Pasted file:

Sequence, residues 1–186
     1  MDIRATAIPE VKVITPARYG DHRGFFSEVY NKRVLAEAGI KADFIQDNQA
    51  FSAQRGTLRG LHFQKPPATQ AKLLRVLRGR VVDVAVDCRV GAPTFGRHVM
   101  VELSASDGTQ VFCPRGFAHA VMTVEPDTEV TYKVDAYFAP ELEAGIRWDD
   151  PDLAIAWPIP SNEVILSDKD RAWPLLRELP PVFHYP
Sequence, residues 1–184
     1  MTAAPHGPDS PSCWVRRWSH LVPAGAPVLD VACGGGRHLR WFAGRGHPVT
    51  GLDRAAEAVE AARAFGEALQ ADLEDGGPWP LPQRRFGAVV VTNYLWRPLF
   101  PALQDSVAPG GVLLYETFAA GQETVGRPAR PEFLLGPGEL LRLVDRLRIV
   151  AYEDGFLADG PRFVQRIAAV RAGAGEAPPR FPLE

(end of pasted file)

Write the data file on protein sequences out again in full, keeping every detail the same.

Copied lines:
Sequence, residues 1–186
     1  MDIRATAIPE VKVITPARYG DHRGFFSEVY NKRVLAEAGI KADFIQDNQA
    51  FSAQRGTLRG LHFQKPPATQ AKLLRVLRGR VVDVAVDCRV GAPTFGRHVM
   101  VELSASDGTQ VFCPRGFAHA VMTVEPDTEV TYKVDAYFAP ELEAGIRWDD
   151  PDLAIAWPIP SNEVILSDKD RAWPLLRELP PVFHYP
Sequence, residues 1–184
     1  MTAAPHGPDS PSCWVRRWSH LVPAGAPVLD VACGGGRHLR WFAGRGHPVT
    51  GLDRAAEAVE AARAFGEALQ ADLEDGGPWP LPQRRFGAVV VTNYLWRPLF
   101  PALQDSVAPG GVLLYETFAA GQETVGRPAR PEFLLGPGEL LRLVDRLRIV
   151  AYEDGFLADG PRFVQRIAAV RAGAGEAPPR FPLE